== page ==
Libraries are about people: Sam’s story

It may seem obvious, but I think we can sometimes forget that libraries are not just about books, they’re about people: the people that write the books, that select the books, and those that borrow and use the books. I admit this is an overly simplistic view to make a point, but I am deeply disturbed by the lack of concern for those people shown by the local authorities of this country in their rush to disband library services as we know them. Times are hard and money is short, but even in the toughest times the current and future needs of the community should drive change rather than ideology or simple cost-cutting.

It’s easy to get nostalgic about libraries, and I personally owe a huge debt to the public library service. Books were a luxury that my family couldn’t afford, and my weekly visits with my nan to the little library round the corner fed my appetite for fiction. My love of art was nourished by the beautiful art books that I borrowed, none of which I could ever have afforded to buy. I borrowed travel guides about holiday destinations when I was a carefree twentysomething, and plundered the shelves of cookery books when my son refused to eat anything I cooked. The library has provided entertainment, knowledge, comfort and reassurance at each stage of my life so far.

And now, as a family with two children we regularly use a number of libraries close to us, and our life is enriched in many ways: the children borrow books to read for pleasure and for homework; my husband and I borrow books to read on the daily commute and in our spare time; we all looked forward to Rhymetime when they were little, and we have fun taking part in the activities for children in the holidays, as well as playing games on the computers. We are lucky as our local library is well used and is not directly threatened, but behind the scenes things have been cut back drastically, and this will undoubtedly affect frontline services. The number of professional librarians has been halved, and training budgets are a thing of the past. The library service admits that it is severely underfunded, and as I write the council are seeking alternative ways of providing it. These alternatives include being run by volunteers or outsourcing to private companies.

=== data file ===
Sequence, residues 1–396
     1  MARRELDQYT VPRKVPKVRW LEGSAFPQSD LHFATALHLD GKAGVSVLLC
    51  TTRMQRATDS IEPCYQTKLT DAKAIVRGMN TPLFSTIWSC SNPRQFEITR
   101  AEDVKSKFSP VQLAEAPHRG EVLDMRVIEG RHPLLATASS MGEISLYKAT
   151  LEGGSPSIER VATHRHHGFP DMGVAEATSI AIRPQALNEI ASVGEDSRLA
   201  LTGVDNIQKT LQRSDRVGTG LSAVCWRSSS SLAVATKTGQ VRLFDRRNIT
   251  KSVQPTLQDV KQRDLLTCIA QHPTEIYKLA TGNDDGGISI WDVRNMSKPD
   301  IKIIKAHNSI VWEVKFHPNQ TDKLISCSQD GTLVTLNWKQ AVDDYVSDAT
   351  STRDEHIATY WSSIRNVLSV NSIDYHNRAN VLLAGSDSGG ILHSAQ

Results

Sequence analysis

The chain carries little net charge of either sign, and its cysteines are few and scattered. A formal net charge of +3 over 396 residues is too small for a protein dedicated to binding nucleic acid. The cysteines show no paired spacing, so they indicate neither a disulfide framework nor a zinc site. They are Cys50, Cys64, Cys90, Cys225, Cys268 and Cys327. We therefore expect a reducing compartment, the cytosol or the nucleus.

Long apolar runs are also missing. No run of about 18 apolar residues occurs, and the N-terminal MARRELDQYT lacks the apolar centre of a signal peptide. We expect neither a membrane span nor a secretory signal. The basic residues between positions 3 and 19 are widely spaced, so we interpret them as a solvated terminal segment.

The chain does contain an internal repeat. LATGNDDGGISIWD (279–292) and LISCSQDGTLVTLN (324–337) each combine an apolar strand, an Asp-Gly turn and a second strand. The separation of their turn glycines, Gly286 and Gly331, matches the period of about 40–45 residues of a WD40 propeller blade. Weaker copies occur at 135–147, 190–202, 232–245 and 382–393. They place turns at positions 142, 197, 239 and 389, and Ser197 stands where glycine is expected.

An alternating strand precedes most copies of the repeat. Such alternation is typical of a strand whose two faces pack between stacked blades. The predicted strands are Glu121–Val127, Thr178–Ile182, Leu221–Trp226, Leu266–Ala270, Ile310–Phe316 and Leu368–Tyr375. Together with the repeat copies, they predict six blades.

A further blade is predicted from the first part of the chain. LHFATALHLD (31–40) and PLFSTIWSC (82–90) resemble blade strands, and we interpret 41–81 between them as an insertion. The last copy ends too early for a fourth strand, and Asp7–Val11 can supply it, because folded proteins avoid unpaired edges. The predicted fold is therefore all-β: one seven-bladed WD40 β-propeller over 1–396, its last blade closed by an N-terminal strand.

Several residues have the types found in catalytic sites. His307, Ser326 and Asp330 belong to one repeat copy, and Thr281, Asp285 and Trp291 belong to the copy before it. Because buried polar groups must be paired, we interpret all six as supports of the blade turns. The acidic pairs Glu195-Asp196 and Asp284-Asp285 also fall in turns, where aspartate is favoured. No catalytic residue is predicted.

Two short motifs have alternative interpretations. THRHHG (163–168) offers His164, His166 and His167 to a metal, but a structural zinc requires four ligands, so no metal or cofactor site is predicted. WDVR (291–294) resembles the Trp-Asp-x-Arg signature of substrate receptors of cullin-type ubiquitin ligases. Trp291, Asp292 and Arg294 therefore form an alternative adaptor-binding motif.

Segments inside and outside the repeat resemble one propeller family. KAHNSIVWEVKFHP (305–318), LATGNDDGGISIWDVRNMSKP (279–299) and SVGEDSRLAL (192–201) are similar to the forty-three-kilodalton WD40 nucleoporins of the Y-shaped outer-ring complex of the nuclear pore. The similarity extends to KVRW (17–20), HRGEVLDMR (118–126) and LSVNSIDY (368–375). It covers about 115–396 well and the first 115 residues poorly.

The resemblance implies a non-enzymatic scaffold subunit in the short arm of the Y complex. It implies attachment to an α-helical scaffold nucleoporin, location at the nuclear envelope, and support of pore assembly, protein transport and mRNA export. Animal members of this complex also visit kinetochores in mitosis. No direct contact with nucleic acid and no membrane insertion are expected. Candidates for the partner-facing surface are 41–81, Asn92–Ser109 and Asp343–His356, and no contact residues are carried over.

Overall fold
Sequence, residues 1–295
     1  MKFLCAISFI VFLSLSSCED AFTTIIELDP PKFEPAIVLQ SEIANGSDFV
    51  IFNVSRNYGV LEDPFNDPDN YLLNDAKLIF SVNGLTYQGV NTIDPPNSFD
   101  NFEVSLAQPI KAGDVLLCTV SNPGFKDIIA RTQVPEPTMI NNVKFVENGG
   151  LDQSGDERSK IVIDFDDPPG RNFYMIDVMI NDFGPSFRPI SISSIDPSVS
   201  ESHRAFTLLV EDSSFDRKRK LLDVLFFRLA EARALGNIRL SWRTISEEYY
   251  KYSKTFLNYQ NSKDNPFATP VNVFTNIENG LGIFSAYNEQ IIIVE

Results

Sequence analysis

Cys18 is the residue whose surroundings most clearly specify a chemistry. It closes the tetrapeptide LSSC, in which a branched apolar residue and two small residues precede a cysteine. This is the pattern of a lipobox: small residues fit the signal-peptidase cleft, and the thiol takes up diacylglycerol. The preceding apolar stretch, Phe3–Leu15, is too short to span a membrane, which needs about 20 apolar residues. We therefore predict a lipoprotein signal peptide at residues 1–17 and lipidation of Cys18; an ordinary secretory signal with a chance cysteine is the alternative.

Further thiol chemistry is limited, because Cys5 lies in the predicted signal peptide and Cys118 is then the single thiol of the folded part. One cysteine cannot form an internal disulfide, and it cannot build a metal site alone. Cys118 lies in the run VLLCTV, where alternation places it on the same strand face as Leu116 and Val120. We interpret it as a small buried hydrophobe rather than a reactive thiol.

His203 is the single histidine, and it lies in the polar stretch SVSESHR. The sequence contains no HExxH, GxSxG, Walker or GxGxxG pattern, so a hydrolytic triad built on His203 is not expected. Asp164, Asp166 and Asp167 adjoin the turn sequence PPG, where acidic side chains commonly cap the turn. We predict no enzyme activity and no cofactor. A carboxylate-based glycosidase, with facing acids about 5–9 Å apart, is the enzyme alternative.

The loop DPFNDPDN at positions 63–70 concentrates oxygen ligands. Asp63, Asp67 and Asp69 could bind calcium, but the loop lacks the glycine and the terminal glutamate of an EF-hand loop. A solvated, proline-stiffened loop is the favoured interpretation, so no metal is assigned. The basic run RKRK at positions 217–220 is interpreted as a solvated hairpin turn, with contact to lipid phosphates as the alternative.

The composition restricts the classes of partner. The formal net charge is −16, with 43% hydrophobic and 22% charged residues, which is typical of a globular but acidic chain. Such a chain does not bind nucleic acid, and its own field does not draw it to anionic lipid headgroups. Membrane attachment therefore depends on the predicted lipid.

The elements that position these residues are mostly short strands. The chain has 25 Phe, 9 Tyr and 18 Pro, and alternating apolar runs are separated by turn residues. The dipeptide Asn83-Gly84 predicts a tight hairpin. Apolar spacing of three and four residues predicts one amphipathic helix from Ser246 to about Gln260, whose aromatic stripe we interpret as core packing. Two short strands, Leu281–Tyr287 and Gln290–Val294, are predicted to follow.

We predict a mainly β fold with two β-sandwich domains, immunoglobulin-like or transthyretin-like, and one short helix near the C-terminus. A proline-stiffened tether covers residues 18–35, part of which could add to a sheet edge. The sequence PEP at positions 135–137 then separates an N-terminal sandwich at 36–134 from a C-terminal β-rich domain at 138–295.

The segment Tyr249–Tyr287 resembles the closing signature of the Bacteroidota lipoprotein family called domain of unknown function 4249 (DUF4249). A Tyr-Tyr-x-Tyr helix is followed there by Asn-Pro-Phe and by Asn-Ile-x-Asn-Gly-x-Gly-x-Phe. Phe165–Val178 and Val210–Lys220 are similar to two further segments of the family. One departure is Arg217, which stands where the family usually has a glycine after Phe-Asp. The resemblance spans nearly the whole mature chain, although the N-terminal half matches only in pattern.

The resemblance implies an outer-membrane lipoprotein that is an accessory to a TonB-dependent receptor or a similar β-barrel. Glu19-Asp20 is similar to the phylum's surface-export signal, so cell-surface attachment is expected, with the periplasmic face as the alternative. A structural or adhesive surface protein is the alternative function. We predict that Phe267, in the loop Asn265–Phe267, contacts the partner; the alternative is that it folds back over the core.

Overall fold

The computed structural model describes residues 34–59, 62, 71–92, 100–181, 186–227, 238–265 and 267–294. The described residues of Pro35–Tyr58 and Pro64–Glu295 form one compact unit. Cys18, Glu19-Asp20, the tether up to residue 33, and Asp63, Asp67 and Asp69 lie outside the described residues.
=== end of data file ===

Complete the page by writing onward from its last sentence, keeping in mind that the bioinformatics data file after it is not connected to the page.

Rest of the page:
I’m not opposed to investigating other models, but what I do find offensive is the implication that the service does not need to develop alongside its community and is not worth investing in. Advances in technology are moving rapidly and without investment public libraries risk becoming out of date, and therefore expendable. Will library volunteers want to invest time and effort in managing complicated IT networks and understanding the needs of their local community? Will a private company want to run a holiday reading scheme and associated events if they don’t generate profit? My concern is how we ensure that our library services are not decimated to make short-term, relatively small-scale savings which in the long run could have devastating effects on the prosperity of our young people. I want the little library round the corner to be there for me in my old age, lending me ebooks and providing subscriptions to online resources, but also as a place for me to meet my friends and take my grandchildren to borrow books. Books and information may increasingly be virtual, but people will always still need the library as a place: please use your library card and your voice to show how much your library means to you and your community.

 

 

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